Chris Blevins and Skin Diseases in Equines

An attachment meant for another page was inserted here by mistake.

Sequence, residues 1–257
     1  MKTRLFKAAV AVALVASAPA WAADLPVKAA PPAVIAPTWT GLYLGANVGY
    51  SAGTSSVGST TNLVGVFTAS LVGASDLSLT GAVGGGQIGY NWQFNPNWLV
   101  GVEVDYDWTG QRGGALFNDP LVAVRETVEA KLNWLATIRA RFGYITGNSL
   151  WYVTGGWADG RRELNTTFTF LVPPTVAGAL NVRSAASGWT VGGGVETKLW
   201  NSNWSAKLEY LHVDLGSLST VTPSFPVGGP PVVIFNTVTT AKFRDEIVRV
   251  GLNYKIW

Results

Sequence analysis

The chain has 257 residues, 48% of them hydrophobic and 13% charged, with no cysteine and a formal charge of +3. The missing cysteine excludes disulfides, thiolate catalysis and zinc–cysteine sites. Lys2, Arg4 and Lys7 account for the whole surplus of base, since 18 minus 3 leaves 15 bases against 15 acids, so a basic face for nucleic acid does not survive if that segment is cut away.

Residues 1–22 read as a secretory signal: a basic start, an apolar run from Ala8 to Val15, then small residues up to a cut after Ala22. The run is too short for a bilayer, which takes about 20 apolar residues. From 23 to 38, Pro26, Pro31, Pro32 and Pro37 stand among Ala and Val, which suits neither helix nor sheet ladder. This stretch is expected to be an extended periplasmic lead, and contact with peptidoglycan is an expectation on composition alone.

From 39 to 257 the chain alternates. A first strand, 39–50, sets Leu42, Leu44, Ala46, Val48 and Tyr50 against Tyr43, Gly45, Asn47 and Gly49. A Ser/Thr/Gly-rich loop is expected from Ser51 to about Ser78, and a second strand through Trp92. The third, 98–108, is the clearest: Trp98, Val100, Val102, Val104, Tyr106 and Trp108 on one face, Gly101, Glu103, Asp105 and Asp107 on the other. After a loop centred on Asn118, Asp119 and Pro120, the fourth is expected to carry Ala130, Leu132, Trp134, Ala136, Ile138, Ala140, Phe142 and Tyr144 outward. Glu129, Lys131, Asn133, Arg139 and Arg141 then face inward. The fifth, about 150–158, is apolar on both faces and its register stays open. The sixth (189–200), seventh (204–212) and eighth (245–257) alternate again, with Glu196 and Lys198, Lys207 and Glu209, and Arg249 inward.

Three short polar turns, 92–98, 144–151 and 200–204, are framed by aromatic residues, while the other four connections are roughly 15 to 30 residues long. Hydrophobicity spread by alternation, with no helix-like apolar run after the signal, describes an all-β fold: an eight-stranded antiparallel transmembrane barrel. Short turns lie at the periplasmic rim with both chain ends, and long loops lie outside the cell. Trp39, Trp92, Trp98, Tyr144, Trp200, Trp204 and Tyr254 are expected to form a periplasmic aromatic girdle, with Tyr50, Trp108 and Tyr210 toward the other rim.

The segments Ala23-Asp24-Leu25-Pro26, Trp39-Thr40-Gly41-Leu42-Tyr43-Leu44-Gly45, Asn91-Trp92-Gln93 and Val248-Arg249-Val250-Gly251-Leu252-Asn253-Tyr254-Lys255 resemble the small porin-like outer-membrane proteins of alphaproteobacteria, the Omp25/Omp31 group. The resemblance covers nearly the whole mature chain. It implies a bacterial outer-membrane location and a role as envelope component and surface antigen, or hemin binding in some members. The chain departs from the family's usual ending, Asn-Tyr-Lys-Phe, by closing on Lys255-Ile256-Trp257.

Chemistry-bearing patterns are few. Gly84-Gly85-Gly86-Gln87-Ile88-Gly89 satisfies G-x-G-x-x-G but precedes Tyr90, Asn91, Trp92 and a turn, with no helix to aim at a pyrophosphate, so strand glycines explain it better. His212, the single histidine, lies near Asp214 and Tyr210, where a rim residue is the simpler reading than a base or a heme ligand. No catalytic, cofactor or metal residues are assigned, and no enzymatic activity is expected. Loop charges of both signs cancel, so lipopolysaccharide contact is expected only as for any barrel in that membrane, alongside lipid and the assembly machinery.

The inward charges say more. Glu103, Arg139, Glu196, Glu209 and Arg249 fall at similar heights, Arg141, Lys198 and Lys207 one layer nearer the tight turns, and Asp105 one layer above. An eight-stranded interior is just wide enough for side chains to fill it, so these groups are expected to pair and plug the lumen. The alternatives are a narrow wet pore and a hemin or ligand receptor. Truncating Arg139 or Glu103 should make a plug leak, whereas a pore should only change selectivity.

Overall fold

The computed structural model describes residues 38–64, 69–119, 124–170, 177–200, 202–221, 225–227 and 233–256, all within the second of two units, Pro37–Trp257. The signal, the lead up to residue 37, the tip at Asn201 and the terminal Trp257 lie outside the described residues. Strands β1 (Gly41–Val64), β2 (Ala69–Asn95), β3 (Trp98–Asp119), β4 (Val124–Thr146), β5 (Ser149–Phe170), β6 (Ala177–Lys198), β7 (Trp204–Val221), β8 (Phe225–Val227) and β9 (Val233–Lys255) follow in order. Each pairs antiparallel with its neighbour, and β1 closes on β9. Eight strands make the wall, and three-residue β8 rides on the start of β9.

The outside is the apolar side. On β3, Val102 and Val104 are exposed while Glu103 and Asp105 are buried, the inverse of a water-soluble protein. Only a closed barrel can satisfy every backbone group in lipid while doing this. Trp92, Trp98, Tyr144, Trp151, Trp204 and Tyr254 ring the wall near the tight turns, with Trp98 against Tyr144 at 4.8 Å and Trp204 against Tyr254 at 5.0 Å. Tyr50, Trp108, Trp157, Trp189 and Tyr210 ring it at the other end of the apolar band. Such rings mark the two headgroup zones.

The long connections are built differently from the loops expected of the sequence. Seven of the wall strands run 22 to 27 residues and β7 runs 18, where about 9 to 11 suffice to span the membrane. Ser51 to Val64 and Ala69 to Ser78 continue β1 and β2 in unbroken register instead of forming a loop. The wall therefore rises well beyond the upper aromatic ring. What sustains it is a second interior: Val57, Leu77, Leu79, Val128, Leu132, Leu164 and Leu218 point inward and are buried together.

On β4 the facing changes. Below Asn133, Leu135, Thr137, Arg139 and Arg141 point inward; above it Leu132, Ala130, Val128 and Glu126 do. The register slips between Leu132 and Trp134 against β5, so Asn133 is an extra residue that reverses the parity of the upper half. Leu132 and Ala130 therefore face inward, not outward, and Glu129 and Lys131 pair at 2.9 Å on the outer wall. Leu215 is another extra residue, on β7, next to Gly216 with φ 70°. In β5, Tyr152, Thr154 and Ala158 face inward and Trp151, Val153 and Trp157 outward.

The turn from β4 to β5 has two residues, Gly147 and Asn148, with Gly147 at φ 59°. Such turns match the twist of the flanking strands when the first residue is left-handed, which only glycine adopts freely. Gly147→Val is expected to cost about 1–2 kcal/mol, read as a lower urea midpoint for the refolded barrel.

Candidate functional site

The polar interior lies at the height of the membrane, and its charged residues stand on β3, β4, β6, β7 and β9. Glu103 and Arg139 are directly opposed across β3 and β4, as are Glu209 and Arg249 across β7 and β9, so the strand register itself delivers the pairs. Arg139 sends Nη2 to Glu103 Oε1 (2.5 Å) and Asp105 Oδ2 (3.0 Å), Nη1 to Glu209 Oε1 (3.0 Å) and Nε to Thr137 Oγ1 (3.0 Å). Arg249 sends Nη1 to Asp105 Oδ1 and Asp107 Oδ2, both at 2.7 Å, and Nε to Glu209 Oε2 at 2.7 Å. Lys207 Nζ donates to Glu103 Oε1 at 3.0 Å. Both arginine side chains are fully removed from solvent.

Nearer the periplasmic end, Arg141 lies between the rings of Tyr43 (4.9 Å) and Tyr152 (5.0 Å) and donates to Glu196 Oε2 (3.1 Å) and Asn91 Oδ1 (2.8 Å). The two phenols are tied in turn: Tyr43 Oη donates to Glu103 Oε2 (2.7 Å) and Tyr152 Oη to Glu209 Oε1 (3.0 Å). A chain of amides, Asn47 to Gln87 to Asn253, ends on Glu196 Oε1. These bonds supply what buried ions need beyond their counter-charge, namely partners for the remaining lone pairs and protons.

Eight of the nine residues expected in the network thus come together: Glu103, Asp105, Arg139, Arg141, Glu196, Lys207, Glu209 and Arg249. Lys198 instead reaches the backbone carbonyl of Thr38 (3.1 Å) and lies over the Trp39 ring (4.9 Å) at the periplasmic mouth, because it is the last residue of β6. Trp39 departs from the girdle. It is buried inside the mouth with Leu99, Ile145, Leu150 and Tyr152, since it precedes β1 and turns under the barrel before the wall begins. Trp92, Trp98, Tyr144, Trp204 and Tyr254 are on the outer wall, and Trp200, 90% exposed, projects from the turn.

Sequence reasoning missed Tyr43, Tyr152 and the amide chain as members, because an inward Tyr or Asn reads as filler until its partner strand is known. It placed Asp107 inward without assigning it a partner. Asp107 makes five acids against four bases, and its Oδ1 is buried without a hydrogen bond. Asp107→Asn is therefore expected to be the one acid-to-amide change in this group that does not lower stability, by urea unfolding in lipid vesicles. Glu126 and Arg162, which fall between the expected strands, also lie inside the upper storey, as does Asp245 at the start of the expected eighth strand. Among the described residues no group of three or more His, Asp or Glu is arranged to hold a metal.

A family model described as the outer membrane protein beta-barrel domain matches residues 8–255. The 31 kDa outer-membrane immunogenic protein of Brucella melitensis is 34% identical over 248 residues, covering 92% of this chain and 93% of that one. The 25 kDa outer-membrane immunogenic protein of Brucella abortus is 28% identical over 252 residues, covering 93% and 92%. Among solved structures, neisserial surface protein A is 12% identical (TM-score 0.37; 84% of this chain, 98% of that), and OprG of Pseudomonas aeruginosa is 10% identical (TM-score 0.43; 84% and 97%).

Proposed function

(Dr. Chris Blevins) Hello and welcome to Horsing Around. I’m Dr. Chris Blevins of Kansas State University Veterinary Health Center. Today, we’re going to talk about something that is always a concern with most horses, especially during the summer, and that’s skin diseases and issues. We have to remember that the skin is actually the largest organ of the body, and so with that, trying to protect and keep it healthy is important. Now skin issues are mainly seen during the summer and we can even categorize those skin issues into two different categories: contagious, that of which can go from one horse to the other; versus non-contagious skin diseases, that of which cannot be transferred from one horse to the other. In addition with the contagious, there are some skin diseases that can even be transferred to you or I, to humans. We always need to be concerned potentially with that also. One of the first ones that we’ll kind of talk about that is contagious is ectoparasites. That is bugs that live on the horse. Not necessarily a good thing in most aspects, especially during the summer or even in the winter, when we consider lice. We have to remember though that lice do not go from horses to humans, but they can sure go from horse to horse, and you can see them on the horse usually under the mane and more prevalent usually in the winter when the horses are kind of huddled together. The other one is mites. Some horses can even get mites and they’re usually pretty itchy with those also. They can be under the neck, or under the ventrum, or underneath the mane, but they’re usually really itchy even on the head. Veterinarian would be able to diagnose those things and some of them are even reportable because of their contagious nature. One of the most common mites is the feather mite that is usually found in draft horses around their hooves. I think, again, getting your veterinarian involved for some of those things, there are some treatment options for that and it sure could help if you ever notice any of those things. The other one that is contagious is a fungus, ringworm. Horses can get ringworm. Horses could transmit ringworm from one horse to the other, but also to you as a human. I think if you ever notice that type of lesions, they’re circular little lesions on the skin, that you contact your veterinarian and figure out the best treatment options for those things too. Other than treatment, the other thing is management, and I think keeping things clean, remember, brushes can actually transmit from one horse to the other. So what you think is doing a good thing by grooming your horse or putting the saddle pad on one horse and the other, could be transferring of diseases including that of which is on the skin especially. I think the other thing to remember is that sometimes environment can cause different disease processes to start. One of the other ones is a virus that can be on the skin, papilloma virus. That is warts. Horses can get warts. They can get warts on their muzzle. They can even get a wart in their ear. A lot of times that’s transmitted by insects, flies and those things, especially into the ear. So what do you need to do for those? A lot of time, the immune system will go ahead and take care of it on its own, but you can contact your veterinarian and sure ask him about different medications and other modalities of trying to help prevent or get rid of warts. I think with some of those, there’s sure a lot of others things including a lot of flies and just regular dermatitis. Talk to your veterinarian if you’re concerned how to prevent it, how to treat it. Even give us a call here at Kansas State University Veterinarian Health Center, if you have those additional questions. I’m Dr. Chris Blevins at Kansas State Vet School and we’ll see you around.

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